R Meher, A Garg, Piyush, A Raj, S Singh
malignant paraganglioma, nose, paranasal sinus
R Meher, A Garg, Piyush, A Raj, S Singh. Malignant Paraganglioma of The Nose. The Internet Journal of Otorhinolaryngology. 2005 Volume 5 Number 2.
Paragangliomas of the head and neck are uncommon tumors in head and neck area. The most frequent form is the carotid body tumor, while paragangliomas of the nasal cavity, paranasal sinuses and nasopharynx are rare especially malignant ones.
Paraganglioma are uncommon tumors of head and neck and that usually arise from carotid bodies, jugulotympanic ganglia, ganglion nodosum of the vagus, and microscopic paraganglia aggregates dispersed in the mouth, nose, nasopharynx, larynx, and orbit. These are generally benign, slow growing tumors arising from neural crest cells in association with segmental and anatomic ganglion. Paragangliomas arising in the sinonasal tract especially the malignant are rare.
A 24-year-old male reported to ENT OPD with bilateral nasal obstruction, nasal deformity and left sided proptosis of 5 months duration. He had undergone excision of similar nasal mass 6 months back. Pathology at that time revealed the tumor to be a hemangiopericytoma. The patient was well postoperative only for a month after which he developed above complaints. Physical examination showed a soft tissue mass in both the nasal cavities with widening of nasal bridge and left-sided proptosis (Fig 1). In the oral cavity there was a bulge in middle of the hard palate. He had no cervical lymphadenopathy or cranial nerve deficits and vision was normal. Computerized tomography of the paranasal sinus revealed soft tissue mass involving bilateral nasal cavities, maxillary, ethmoid and sphenoid sinuses with erosion of septum and hard palate (Fig 1 and 2).
Patient was taken up for bilateral medial maxillectomy with excision of palatal mass. Histological examination of the mass showed it to be malignant paraganglioma. Section showed a cellular tumour composed of cells present in small sheets and characteristic Zellbellan pattern. Cells had moderate amount of eosinophilic cytoplasm and round nucleus with mild pleomorphism (Fig 4).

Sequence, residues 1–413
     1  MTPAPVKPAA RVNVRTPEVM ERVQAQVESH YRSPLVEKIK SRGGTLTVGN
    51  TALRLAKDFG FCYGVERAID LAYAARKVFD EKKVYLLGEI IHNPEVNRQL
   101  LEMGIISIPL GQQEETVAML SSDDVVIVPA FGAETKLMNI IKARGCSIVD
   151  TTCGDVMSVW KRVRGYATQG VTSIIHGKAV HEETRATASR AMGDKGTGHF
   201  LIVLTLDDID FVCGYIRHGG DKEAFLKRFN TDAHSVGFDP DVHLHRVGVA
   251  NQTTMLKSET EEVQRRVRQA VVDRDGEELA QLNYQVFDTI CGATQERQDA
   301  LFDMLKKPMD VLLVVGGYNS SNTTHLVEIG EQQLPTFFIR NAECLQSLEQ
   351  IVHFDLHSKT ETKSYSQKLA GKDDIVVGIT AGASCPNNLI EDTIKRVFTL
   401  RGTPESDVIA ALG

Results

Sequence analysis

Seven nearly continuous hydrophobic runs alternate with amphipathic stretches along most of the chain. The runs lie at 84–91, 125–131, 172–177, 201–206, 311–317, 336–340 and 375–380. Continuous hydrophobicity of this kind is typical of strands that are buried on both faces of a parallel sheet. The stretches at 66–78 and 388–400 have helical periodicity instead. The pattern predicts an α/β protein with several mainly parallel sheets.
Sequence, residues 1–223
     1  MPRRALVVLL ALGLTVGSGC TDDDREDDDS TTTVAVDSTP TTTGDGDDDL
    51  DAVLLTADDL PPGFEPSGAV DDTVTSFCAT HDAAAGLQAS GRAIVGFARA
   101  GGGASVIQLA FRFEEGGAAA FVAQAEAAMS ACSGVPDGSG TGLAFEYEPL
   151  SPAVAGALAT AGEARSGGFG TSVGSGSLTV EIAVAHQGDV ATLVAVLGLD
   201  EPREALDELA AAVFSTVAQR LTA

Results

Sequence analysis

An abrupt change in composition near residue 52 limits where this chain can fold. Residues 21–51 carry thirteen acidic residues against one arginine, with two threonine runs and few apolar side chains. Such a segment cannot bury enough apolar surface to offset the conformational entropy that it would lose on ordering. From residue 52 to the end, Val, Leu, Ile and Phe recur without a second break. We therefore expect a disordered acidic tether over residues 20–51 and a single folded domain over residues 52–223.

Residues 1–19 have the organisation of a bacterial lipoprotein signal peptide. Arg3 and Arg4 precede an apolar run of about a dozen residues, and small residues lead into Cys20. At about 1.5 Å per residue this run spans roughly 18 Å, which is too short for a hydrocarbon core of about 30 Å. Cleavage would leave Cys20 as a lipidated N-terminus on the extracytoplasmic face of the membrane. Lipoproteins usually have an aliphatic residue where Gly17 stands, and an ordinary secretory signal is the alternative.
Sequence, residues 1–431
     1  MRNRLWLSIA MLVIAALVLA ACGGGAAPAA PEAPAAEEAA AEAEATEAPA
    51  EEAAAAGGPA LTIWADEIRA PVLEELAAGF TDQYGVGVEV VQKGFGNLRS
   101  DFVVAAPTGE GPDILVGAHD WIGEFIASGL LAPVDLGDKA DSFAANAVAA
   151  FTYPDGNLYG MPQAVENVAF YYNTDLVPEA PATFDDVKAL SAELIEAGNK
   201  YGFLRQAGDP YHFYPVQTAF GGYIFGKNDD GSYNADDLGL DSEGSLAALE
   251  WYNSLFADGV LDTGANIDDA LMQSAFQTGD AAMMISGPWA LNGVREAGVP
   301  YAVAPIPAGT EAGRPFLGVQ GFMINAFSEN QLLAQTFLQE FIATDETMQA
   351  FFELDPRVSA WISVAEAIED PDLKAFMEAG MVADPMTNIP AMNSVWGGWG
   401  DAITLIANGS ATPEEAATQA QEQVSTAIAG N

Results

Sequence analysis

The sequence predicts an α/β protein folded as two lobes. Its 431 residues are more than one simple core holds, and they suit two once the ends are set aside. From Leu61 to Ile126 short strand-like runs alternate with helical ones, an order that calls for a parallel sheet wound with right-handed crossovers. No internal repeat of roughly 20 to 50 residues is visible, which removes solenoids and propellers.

There were focal areas of necrosis and high mitosis. Immunihistochemistry revealed Neuron specific enolase positivity in tumour cells. S-100 positive sustantecular cells were also found. Based on morphology, immunohistochemical findings and necrosis and increased mitosis a diagnosis of paraganglioma was made, possibly malignant. Patient received 30 grays of radiotherapy postoperative and is symptom free for last 8 months.
Paragangliomas arise from paraganglionic tissues of autonomic nervous system. Paraganglia are of neuroectodermal origin with cells containing catecholamines granules (type 1, chief cells) surrounded by Schwann like supporting cells (type 2, sustenacular cells)8. These cells have a widespread distribution through out the body and have been found in the lungs, heart, retroperitonium and urinary bladder. In head and neck the most common sites are carotid body, jugular bulb, along glossopharyngeal(especially its tympanic branch) and vagus(nodose ganglion) nerves1,8. These tumors account for 0.012% of all cancers of human body. Paragangliomas of nose and paranasal sinuses are very rare. The exact sites of origin of nasal paragangloimas are not definitely known. Several authors however have suggested that paraganglionic tissue is present in the pterygopalatine fossa1,10 in agreement with the finding that paraganglia are usually in close association with arteries and cranial nerves11. However on review of the recent literature, most of the cases were described in the region of middle turbinate of ethmoid sinus. Paragangliomas characteristically are composed of pale to clear staining cells with round nuclei forming well defined nests called Zellballen separated by a capillary network rich in reticulin. These cells contain cytoplasmic granules that have been demonsrated to be neurusecretory by electron microscopy1,10,12. Around 10% of cases may be malignant. Malignant pargangliomas may exhibit several features that are not seen in their benign counterparts i.e. central necrosis of the Zellballen, invasion of the lymphatic and vascular spaces and the presence of mitotic figures9. Also some authors found that aggressive tumors contain fewer sustentacular cells than benign ones14.
In a review of the head and neck paragangliomas approximately sixty percent were carotid body tumors, eighteen percent vagal body and eleven percent jugulotympanic9 Very few cases of paragangilomas have been reported in the literature. Bolkov and Schecking reported the only malignant case that arose from ethmoid sinuses. Majority of these nasal tumors arise from the lateral nasal wall (turbinates). In our case also the tumor arose from the lateral nasal wall and then extended to the maxillary and ethmoid sinuses.
Treatment of these lesions, both benign and malignant, has consisted of surgical resection. Because of the location and nature of the tumor, they are difficult to resect and tend to recur locally. This had made the control of these lesions difficult and, for this reason, some authors have advocated full-dose radiation therapy(4500-6000rad).The results of radiation therapy have been variable, but it appears that radiation therapy slows tumor growth and rate of recurrence in most case13 .However it does not completely destroy the lesion.
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